Find some social organizations to get involved in! If you are in the Atlanta area, we recommend Atlanta Poly where you can find social connections and educational events.

They even have a whole web page dedicated to individuals who are looking to explore or even connect with other like-minded individuals in this wondrous community.  Not only will you begin to build a social network, but you can also find suggestions for professionals.

There are even local conferences, such as Atlanta Poly Weekend, where polyamorous people, including professionals, share information about all of the delightful components of what polyamory and non-monogamy entails.

 

These conferences offer a change to meet with some of us and be involved in the community. Networking opportunities are a great way to find a therapist!

How can I get the most out of polyamory therapy?

Questions

Come with questions. Come with curiosity. Therapy is an amazing way to bring awareness to yourself, to navigate how you want to structure your life, with your partner, and your other relationships. Awareness of how you want to structure your life and relationships is only the beginning.

Share Your Experiences

Transparency with your experiences, who you are, and what you are looking for in your relationships is essential to begin the therapeutic process. Therapy is a great tool to navigate your needs, your wants, and your boundaries for yourself and your relationships. The only way your therapist will know your truth and your experience is for you to share.

Show Up and Be Present

You can get a lot out of your therapeutic experience by showing up ready. What we mean by this is showing up to therapy by having the desire to work on what you bring into the room with our polyamorous therapists.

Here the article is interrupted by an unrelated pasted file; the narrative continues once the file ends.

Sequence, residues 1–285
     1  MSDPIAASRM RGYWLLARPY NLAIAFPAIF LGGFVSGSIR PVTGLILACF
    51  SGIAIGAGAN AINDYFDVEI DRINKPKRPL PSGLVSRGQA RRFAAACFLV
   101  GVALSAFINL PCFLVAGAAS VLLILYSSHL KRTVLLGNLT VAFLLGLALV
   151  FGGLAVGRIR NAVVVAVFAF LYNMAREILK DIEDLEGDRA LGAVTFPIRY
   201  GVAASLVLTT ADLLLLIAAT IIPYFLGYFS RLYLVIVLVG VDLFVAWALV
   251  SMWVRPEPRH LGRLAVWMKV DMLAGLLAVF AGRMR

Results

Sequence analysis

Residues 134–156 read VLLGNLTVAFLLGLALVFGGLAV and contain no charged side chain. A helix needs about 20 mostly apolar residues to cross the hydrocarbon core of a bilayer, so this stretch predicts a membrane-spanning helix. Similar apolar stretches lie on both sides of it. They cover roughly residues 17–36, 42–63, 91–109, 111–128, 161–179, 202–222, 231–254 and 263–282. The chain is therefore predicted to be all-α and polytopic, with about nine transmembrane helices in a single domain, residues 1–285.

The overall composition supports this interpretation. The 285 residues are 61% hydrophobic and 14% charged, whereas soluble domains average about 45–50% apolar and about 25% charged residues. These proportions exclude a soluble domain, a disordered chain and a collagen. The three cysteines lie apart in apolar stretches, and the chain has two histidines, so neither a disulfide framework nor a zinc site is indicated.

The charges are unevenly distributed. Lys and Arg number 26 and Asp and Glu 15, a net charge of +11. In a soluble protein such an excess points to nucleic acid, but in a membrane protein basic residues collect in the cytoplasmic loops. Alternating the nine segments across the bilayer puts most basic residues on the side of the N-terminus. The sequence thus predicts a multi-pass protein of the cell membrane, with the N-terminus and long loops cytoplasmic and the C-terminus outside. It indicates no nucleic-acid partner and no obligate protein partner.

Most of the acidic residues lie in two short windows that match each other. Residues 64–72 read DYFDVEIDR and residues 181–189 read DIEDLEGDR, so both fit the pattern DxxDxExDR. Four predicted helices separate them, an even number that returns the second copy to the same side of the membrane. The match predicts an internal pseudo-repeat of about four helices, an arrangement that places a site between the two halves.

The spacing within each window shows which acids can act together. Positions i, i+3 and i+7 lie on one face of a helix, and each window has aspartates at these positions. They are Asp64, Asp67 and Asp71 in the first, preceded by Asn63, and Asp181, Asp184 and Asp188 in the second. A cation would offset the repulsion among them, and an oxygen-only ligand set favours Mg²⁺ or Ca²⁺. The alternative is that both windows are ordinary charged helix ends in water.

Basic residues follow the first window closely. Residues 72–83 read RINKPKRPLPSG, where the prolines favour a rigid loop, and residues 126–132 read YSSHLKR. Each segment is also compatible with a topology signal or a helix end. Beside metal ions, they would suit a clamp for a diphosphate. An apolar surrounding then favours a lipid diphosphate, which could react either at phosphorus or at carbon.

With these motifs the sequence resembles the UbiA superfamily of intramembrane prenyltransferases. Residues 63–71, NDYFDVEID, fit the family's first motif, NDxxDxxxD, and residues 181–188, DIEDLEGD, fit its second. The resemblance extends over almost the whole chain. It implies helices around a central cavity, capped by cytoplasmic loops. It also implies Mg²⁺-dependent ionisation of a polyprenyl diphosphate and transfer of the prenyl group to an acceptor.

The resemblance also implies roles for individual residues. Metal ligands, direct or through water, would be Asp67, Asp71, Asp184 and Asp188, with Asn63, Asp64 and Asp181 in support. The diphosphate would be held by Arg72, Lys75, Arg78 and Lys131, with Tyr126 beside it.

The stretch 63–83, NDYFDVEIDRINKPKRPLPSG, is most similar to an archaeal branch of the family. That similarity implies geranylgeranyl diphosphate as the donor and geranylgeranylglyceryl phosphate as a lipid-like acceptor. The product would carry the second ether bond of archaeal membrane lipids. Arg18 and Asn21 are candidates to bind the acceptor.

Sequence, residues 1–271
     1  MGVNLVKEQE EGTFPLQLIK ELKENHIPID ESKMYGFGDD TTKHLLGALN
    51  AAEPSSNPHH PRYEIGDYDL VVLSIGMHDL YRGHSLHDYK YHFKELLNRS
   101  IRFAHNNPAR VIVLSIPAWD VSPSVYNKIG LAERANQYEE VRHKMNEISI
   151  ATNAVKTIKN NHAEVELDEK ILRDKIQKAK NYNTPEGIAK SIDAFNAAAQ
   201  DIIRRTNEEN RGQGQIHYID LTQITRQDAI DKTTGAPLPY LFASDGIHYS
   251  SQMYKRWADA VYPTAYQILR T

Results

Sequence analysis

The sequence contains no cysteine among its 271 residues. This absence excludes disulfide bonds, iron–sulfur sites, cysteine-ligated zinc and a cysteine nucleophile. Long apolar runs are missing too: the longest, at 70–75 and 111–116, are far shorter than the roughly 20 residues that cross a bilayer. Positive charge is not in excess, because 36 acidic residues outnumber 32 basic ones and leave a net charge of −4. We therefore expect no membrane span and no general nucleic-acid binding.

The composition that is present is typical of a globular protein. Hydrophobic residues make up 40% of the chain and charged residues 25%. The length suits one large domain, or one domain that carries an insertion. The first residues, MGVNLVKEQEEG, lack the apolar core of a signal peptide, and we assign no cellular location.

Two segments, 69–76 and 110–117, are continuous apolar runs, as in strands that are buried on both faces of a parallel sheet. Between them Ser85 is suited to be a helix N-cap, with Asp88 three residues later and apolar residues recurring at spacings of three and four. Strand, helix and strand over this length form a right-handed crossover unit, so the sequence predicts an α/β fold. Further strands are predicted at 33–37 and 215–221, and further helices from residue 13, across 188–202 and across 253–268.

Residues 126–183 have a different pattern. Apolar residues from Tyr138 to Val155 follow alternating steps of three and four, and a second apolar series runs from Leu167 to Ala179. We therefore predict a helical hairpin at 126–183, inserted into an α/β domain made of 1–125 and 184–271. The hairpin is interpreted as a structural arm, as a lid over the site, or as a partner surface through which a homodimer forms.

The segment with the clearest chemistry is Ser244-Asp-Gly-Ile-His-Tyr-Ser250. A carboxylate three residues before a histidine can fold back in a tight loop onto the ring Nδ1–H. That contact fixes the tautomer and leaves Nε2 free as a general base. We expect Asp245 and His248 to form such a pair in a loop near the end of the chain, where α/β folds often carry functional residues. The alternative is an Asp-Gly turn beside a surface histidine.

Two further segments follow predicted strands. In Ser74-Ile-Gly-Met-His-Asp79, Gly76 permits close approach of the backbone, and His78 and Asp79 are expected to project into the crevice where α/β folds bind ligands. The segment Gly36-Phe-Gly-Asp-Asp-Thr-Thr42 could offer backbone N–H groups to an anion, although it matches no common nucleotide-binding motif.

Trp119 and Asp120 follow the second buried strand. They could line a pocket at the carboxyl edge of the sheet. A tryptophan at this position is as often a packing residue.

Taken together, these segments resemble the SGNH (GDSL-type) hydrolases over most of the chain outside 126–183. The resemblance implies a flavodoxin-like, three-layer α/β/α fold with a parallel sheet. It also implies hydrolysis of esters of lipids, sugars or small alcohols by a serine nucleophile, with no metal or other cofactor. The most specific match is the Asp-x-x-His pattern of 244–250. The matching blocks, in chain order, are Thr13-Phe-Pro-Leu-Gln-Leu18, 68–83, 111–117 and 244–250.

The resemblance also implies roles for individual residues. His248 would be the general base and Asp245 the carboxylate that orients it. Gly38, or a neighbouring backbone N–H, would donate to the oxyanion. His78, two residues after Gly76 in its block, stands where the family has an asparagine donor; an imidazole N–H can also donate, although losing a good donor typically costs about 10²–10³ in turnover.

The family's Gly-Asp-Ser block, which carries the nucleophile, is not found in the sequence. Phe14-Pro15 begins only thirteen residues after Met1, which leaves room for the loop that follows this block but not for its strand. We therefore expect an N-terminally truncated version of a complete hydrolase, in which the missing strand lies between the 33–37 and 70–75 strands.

Just like polyamorous relationships are a two-way street, therapy is also a two-way street. As our client, be ready to do the work that comes with change. Individuals may only have a short amount of time each week with their therapist. The change we collectively create is done in the room, but also outside of the therapy room. 

We encourage individuals to do the work in and outside of the therapy room to see the immense amount of benefits a polyamorous therapist can provide. We invite you to be curious, and reflect on your experiences in therapy. Feedback is always encouraged to strengthen the relationship with your polyamorous therapist. 

Connect with a polyamory therapist in Atlanta today

You deserve a therapist who is supportive, affirming, and accepting of your polyamorous relationship. Whether you need support working through your own struggles and confusions or need guidance to improve your relationship(s), there is a therapist out there for you! 

If you are in the Atlanta area or within the state of Georgia, you can find a therapist at Atlanta Therapeutic Collective, which is a private practice with locations in Decatur and Marietta, that offers services with poly affirming and poly knowledgeable therapists. We can also provide a treatment team approach to work with various parts of your poly-system for even more enhanced life and relationship satisfaction.

Contributions provided by Courtney Geter, MFT, LMFT-S, CST-S and Allie Argue, BS, MFT Intern.